Market Timing and Chasing Returns
Market timing is a strategy wherein an investor buys and/or sells an investment based on predictions about future market events or values.
Trying to time the market by jumping from fund to fund with your retirement account is very risky. Instead, we recommend that retirement investors adopt a long-term investing approach that focuses on steady investing and diversification.
Market timing is just a risky business, especially for amateur investors.
For market timing to pay off, an investor has to be correct two times for each market move. You need to know when the market will go up, and you need to know when it will go down – or vice versa. If you’re wrong about the timing of one of these events, you will likely lose. Even the best day-traders see very mixed results.
A market timing mistake that usually results in investors buying high and selling low – the opposite of good market timing – is chasing returns. People who chase returns move money into investment options that showed the best performance during the previous period.
We’ve all heard the expression hindsight is 20/20; the phrase holds true in many cases, and investing is no exception. Looking back, it might seem obvious that a certain fund or stock or commodity was going to have a stellar quarter – even though you didn’t predict it three months ago. The big mistake lots of investors make, as they look at last quarter’s returns or last year’s returns, is jumping on the bandwagon too late.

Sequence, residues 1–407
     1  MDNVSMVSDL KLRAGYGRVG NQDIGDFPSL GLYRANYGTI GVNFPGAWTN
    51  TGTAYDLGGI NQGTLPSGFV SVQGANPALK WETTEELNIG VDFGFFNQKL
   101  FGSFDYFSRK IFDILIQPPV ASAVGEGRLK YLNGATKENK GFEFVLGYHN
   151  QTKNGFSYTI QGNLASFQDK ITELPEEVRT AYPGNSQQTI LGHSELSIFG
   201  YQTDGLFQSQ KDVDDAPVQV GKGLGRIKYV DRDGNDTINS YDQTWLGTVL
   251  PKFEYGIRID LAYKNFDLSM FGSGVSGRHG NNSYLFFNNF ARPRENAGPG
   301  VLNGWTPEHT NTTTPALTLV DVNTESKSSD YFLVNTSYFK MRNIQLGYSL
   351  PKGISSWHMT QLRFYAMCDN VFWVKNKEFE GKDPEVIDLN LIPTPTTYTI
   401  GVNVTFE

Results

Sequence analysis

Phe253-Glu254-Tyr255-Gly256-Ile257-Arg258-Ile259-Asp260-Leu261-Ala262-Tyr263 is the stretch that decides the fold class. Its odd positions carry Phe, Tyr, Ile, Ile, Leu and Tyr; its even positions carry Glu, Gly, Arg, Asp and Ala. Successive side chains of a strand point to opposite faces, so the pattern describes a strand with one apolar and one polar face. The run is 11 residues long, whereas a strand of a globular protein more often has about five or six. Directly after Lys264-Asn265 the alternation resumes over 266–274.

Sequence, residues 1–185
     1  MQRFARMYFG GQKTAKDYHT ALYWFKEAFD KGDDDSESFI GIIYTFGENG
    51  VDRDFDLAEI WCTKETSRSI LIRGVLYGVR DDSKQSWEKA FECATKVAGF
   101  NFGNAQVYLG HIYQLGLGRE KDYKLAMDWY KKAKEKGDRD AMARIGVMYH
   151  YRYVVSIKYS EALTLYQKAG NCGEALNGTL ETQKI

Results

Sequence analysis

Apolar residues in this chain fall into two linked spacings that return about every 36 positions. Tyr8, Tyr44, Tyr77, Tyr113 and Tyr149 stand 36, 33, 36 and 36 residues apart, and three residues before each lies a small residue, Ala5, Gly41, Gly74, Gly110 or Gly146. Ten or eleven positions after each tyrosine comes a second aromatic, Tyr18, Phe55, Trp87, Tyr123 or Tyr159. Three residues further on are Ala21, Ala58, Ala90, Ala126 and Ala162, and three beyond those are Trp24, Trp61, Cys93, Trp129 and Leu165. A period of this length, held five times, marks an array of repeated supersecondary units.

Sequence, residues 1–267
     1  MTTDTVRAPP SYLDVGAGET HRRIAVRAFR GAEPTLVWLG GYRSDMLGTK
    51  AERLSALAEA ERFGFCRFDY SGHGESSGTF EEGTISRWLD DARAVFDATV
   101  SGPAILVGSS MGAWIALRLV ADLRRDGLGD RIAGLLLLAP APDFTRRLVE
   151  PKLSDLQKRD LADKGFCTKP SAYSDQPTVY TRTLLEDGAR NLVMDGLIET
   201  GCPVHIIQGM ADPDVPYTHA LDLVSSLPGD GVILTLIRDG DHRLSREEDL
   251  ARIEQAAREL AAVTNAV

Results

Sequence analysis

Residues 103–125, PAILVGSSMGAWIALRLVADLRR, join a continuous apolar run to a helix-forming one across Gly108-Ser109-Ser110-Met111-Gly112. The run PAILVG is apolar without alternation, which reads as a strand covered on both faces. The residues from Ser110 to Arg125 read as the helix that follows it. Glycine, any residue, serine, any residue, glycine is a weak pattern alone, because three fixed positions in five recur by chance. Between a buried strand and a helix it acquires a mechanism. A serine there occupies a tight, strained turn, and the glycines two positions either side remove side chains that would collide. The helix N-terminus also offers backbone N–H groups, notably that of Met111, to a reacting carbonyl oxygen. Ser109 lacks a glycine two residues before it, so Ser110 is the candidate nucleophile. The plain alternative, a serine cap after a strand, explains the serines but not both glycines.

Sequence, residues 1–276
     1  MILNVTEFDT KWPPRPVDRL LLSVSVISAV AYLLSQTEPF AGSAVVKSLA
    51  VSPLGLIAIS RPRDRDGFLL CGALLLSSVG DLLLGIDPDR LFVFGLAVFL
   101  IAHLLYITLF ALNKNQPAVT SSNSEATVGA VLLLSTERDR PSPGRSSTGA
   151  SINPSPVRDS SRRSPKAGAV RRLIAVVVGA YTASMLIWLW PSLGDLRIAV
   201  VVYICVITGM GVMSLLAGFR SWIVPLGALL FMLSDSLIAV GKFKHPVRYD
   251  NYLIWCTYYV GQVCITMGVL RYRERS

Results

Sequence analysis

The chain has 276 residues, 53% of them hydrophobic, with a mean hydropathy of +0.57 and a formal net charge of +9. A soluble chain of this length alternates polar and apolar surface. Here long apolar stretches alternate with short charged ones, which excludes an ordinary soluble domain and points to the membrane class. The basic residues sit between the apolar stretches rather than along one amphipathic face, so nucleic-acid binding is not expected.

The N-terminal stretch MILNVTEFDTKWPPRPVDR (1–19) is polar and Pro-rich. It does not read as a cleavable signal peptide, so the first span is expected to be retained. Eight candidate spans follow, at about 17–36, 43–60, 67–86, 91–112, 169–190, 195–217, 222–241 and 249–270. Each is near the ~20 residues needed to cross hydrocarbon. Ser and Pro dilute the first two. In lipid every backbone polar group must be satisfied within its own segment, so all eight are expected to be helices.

The investment you’re considering might continue to do well, but it might not. A recent hot streak does not point to a continuing hot streak. It’s rare for a single asset class to consistently outperform others over multiple periods. In mutual fund investing, it is even rarer that a fund will outperform its peers over multiple periods.
As humans we’re programmed to want to chase returns.
In so many other areas of life, we benefit from choosing a recent winner. Seasoned investors have to fight the urge to chase returns. But every investor is well-served to remember that it’s a strategy that will likely land you a day late and a dollar short – always one step behind.